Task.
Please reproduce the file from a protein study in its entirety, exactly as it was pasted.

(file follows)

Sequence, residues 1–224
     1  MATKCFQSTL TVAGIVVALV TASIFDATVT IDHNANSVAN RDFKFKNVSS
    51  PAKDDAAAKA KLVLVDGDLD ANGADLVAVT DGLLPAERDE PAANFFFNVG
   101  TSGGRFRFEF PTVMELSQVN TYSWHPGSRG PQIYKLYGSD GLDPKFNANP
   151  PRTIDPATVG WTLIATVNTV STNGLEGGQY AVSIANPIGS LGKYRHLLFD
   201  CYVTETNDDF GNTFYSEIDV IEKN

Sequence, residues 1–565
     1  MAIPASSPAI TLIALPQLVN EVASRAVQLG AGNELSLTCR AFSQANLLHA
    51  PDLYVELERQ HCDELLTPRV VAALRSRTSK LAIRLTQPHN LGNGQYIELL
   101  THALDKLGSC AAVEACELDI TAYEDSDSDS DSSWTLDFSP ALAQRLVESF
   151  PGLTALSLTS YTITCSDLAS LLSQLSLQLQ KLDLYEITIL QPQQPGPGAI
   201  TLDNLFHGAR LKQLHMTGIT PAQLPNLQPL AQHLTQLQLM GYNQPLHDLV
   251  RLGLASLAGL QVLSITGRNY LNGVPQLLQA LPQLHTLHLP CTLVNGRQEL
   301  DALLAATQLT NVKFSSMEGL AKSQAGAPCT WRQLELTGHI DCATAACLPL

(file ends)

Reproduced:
Sequence, residues 1–224
     1  MATKCFQSTL TVAGIVVALV TASIFDATVT IDHNANSVAN RDFKFKNVSS
    51  PAKDDAAAKA KLVLVDGDLD ANGADLVAVT DGLLPAERDE PAANFFFNVG
   101  TSGGRFRFEF PTVMELSQVN TYSWHPGSRG PQIYKLYGSD GLDPKFNANP
   151  PRTIDPATVG WTLIATVNTV STNGLEGGQY AVSIANPIGS LGKYRHLLFD
   201  CYVTETNDDF GNTFYSEIDV IEKN

Sequence, residues 1–565
     1  MAIPASSPAI TLIALPQLVN EVASRAVQLG AGNELSLTCR AFSQANLLHA
    51  PDLYVELERQ HCDELLTPRV VAALRSRTSK LAIRLTQPHN LGNGQYIELL
   101  THALDKLGSC AAVEACELDI TAYEDSDSDS DSSWTLDFSP ALAQRLVESF
   151  PGLTALSLTS YTITCSDLAS LLSQLSLQLQ KLDLYEITIL QPQQPGPGAI
   201  TLDNLFHGAR LKQLHMTGIT PAQLPNLQPL AQHLTQLQLM GYNQPLHDLV
   251  RLGLASLAGL QVLSITGRNY LNGVPQLLQA LPQLHTLHLP CTLVNGRQEL
   301  DALLAATQLT NVKFSSMEGL AKSQAGAPCT WRQLELTGHI DCATAACLPL